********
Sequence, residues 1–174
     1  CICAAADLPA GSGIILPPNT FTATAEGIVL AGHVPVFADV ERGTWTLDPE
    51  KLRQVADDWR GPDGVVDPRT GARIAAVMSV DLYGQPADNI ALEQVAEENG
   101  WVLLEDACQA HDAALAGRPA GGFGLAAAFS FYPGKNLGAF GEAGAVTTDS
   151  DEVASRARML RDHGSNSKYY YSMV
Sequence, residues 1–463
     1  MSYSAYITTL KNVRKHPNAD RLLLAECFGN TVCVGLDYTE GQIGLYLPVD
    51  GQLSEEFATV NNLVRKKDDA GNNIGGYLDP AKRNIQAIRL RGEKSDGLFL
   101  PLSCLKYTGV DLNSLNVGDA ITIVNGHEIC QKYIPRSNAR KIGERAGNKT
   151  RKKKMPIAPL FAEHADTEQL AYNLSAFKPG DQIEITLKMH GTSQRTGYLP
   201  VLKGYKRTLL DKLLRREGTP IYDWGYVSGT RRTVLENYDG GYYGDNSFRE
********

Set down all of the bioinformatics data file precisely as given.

Sequence, residues 1–174
     1  CICAAADLPA GSGIILPPNT FTATAEGIVL AGHVPVFADV ERGTWTLDPE
    51  KLRQVADDWR GPDGVVDPRT GARIAAVMSV DLYGQPADNI ALEQVAEENG
   101  WVLLEDACQA HDAALAGRPA GGFGLAAAFS FYPGKNLGAF GEAGAVTTDS
   151  DEVASRARML RDHGSNSKYY YSMV
Sequence, residues 1–463
     1  MSYSAYITTL KNVRKHPNAD RLLLAECFGN TVCVGLDYTE GQIGLYLPVD
    51  GQLSEEFATV NNLVRKKDDA GNNIGGYLDP AKRNIQAIRL RGEKSDGLFL
   101  PLSCLKYTGV DLNSLNVGDA ITIVNGHEIC QKYIPRSNAR KIGERAGNKT
   151  RKKKMPIAPL FAEHADTEQL AYNLSAFKPG DQIEITLKMH GTSQRTGYLP
   201  VLKGYKRTLL DKLLRREGTP IYDWGYVSGT RRTVLENYDG GYYGDNSFRE